Each ship only has 6 stats, not so many as I seem to think Warhammer involves, and they all seem familiar with other naval game systems.  Speed is the number of inches moved in an activation; Hull is a number of "hit points" while Crew represents an abstracted number of sailors and, possibly, marines; Broadside is the number of dice thrown for a broadside attack; Handling is the minimal number of inches moved forward before a 45 degree turn; and Armour is the saving throw against hits from an attack.

There is also a captain with a Command rating for giving special orders with each activation, Swashbuckling for jumping into boarding actions, and a special ability.  This is what has been missing from my US games, putting some stats with the names my usual opponent and I invent for our ship captains, although tracking stats for more than a dozen ships per fleet would bog down the game.  Again, Uncharted Seas is primarily a fleet action game with a dozen or more ships per side.  This game comes with 5 ships per side with no prospect of more to arrive on the horizon.

The opposing ships approach each other, a strong breeze from the north, astern the Seadrake--which we award initiative without rolling, because it has the wind gauge.  There is nothing to check in the Status Phase, so I move onto Phase III and I pull our first FATE card.  We should have each pulled a FATE card, but clearly we were too eager to get to the action; the wind was picking up and the ships were closing (nudge their starting positions just a few inches closer yet...).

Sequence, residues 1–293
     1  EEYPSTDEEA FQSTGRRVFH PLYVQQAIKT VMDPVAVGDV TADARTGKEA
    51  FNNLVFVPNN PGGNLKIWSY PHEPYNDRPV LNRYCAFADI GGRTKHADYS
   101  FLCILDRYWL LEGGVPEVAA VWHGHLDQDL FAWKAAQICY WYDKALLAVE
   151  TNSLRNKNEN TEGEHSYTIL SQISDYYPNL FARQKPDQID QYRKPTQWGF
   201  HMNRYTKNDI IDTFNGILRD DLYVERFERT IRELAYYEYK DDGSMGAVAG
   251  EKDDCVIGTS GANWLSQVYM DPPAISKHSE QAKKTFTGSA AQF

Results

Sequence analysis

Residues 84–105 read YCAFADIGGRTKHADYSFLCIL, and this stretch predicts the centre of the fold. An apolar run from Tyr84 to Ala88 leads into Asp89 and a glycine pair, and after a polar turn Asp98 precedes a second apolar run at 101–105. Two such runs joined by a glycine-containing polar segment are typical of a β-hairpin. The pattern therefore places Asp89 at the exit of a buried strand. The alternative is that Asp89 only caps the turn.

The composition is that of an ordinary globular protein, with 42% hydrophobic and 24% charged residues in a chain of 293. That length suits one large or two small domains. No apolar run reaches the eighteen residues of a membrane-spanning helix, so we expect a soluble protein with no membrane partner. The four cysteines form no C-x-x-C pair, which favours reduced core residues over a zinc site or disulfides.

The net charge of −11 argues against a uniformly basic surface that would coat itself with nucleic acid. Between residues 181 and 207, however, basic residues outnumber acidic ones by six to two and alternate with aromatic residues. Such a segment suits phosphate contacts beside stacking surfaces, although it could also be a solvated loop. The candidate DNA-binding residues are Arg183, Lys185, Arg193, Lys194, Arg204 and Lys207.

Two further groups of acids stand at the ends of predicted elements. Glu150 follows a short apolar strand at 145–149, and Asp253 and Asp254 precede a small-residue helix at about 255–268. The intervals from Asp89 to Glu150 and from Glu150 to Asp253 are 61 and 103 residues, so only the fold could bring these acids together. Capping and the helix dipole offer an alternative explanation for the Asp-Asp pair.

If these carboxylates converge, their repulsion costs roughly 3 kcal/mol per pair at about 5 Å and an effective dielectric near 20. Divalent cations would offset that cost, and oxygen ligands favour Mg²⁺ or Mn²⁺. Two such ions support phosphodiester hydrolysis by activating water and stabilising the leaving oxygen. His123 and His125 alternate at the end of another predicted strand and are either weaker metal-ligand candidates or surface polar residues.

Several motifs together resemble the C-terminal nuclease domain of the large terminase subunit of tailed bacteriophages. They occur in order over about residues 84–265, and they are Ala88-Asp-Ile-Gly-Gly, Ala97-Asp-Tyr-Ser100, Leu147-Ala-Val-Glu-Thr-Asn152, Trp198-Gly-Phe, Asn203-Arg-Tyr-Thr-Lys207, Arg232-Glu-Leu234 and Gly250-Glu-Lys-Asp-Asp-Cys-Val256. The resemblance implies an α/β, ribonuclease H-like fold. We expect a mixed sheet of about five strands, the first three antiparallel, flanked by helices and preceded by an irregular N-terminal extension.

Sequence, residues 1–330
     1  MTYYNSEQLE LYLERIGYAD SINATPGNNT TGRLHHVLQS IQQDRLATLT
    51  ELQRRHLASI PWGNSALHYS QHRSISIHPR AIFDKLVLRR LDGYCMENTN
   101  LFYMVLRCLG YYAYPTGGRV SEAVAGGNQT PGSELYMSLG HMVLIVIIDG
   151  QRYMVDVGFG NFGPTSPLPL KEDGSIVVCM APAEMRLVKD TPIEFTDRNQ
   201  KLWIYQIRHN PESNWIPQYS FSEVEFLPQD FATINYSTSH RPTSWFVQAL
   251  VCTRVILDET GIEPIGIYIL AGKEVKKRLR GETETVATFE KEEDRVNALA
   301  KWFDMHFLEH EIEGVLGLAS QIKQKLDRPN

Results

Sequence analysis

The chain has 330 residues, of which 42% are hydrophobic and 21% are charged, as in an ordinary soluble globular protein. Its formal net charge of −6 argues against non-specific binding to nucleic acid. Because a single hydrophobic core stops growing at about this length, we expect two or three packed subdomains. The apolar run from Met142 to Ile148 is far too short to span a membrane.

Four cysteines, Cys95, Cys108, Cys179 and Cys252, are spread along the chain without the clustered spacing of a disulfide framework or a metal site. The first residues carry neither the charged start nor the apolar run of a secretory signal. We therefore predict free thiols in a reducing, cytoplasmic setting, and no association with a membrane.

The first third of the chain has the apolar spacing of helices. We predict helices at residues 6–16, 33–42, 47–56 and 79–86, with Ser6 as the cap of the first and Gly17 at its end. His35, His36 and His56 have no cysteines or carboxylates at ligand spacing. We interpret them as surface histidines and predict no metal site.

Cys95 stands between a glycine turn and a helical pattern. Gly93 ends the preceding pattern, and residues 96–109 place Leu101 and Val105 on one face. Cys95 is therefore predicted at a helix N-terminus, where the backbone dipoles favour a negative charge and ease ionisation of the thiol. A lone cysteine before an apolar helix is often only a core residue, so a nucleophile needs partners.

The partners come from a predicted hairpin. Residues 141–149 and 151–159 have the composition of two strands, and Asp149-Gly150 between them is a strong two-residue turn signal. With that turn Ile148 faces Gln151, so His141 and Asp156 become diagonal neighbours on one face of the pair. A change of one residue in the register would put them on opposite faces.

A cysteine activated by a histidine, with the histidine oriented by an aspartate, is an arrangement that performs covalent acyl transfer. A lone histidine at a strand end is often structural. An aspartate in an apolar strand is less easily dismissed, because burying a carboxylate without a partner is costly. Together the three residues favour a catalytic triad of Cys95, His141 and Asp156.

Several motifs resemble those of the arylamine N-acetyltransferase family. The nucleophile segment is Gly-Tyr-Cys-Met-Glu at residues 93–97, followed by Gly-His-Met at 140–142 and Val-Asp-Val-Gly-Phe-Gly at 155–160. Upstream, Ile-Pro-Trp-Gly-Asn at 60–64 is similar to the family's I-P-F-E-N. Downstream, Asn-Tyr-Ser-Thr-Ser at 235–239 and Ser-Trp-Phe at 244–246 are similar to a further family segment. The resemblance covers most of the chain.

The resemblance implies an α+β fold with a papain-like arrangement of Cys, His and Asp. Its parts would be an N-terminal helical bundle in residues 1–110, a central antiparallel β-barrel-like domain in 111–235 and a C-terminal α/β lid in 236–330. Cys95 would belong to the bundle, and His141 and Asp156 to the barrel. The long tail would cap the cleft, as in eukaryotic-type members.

You can see the texture of the sea mat behind the card, a thin cloth which I had no problem with snagging the hulls of the US models.  The condition is interesting, and there is an icon to change the direction and force of the wind, affecting ships belonging to both players.  Some other FATE cards affect just one particular ship or can be added by the drawing player to a ship, like special ammunition.

Then the meat of the action, Phase IV, and Captain Yrellian orders "Hard-a-Starboard!"

The crew doesn't seem to hear his order above the din of the howling wind as indicated by my roll of 2 which does not meet or exceed the Command rating of 3+; but no matter, we still have plenty of movement, and with a handling of 2 we can make a 45 degree turn after only 2" of forward movement.

The Elven ship has a movement of 16, plenty even if the wind is no longer blowing from the stern arc.  Moving ahead 8" and then turning to starboard, then another 2" and then turning again to starboard, making the 90 degree turn I had intended to place the port broadside right down the bow of the Dwarven monster.